Whenever I talk to companies or recruiters at local meetups, there is usually a common theme. They are looking for tech people, but good talent is really hard to find. Conversations like this are usually followed up with a description of some sort of very senior job for not so senior pay or a very hard to come by skill set.
Forbes online did a piece on why more people don’t go into programming. I’m not sure I agree with all or even most of the reasons mentioned, but when reading the laundry list it would be easy to come away with the impression that software jobs, particularly programming, is something no one really wants. High barriers to entry, high levels of ambiguity, and constant high pressure make the job sound really undesirable.
The premise of this problem is probably questionable, lets take a look at why.
The question of ‘Why are so few programmers/testers/admins applying to this job opening’ is uttered at some companies pretty often. One possibility is that there really is a shortage of technical people. This can be especially true in smaller cities in the US outside of traditional tech areas like Palo Alto, or the North East. Another possibility is that there actually is a good amount of tech people, but they are in high demand. These people get the jobs they want and employers are smart enough to keep them happy.
And yet one more option is that employers are looking for a person that simply does not exist. This is happening more and more in software testing because companies are seeking a sort of ubermensch tester that has mastered software testing, programming, sys administration, and software usability.
Too few programmers?
Part of this assertion was based on the fact that the number of Computer Science graduates has been steadily dropping for 10 or 20 years depending on who you ask. That argument is a little weird though. At every tech job I’ve had, there have been a number of people that got there without a Computer Science degree. People with backgrounds in physics and maths, the humanities, all the way to people with no formal education past high school can all end up in programming jobs with a little self-study. Programmers and tech people in general come from varied backgrounds, that is a good thing.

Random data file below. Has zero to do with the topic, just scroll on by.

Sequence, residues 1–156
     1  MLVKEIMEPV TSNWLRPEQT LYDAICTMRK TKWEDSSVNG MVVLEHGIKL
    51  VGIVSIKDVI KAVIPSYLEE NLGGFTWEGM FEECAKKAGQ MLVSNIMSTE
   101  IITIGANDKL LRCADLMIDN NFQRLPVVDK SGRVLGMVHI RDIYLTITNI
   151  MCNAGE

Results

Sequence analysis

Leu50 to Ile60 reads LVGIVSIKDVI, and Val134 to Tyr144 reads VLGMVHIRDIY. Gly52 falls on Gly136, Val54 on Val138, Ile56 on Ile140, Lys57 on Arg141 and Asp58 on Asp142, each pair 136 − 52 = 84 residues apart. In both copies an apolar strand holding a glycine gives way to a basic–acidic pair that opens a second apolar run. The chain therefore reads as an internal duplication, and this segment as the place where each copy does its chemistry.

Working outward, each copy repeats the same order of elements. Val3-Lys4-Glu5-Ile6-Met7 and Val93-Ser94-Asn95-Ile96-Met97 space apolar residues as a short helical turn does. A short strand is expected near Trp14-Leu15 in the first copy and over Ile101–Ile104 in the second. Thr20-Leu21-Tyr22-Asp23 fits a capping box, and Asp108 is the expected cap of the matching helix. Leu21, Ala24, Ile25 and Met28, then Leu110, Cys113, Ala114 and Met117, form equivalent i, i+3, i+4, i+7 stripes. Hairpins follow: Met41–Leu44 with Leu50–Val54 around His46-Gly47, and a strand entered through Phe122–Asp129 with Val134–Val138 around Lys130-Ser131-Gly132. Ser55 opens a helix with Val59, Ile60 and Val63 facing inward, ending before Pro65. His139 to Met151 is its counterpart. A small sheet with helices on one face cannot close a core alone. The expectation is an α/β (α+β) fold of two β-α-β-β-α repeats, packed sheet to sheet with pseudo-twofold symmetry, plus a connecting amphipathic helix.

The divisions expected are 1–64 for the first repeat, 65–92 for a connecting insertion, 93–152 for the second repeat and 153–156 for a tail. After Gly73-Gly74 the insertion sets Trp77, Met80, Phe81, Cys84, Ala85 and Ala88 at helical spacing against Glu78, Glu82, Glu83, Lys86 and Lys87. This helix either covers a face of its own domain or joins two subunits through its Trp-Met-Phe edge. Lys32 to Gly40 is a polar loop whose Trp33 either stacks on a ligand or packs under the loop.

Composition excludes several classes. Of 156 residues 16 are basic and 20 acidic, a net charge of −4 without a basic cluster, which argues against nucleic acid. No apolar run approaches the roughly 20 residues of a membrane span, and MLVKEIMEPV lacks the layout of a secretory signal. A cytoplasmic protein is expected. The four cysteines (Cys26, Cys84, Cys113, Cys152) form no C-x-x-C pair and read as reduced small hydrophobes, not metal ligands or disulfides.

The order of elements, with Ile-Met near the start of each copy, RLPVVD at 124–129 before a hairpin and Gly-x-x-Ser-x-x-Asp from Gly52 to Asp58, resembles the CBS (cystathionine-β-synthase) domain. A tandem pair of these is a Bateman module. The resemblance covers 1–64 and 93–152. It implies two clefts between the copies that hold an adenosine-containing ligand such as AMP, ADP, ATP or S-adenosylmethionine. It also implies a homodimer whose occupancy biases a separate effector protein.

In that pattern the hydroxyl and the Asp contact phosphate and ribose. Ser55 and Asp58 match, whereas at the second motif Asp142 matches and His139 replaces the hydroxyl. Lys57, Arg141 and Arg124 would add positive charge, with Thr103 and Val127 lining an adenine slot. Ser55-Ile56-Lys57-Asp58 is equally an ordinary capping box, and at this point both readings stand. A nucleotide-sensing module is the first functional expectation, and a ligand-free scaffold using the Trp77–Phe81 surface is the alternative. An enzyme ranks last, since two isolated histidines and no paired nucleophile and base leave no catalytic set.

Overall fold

Or not enough places people want to work
Maybe, there is also a shortage of places that real talent are excited about working for. In certain parts of the US, there are many programming and testing job that stay open for long periods of time. A positive public reputation in the tech community can make job hunting much easier for the person that is looking, it is equally important for the company looking for that person. People can smell organizational problems a mile away and if they can’t, they have been told about them by their friends. Things like large numbers of people leaving a company, employees not having the power to make decisions relevant to their work, and days upon days of meetings all ripple through the community and affect a companies ability to hire the people they want.
There might very well be a shortage of people ready and willing to work in software jobs, but the reasons are complicated. They usually are.
The solution for the talent (you) takes some time but is definitely doable. Develop yourself into a person people want to hire, that usually means be good at in-demand technologies and be capable of working with other people. For the company; become a place people actually want to work at. Valuing the people (and showing that) is a good place to start.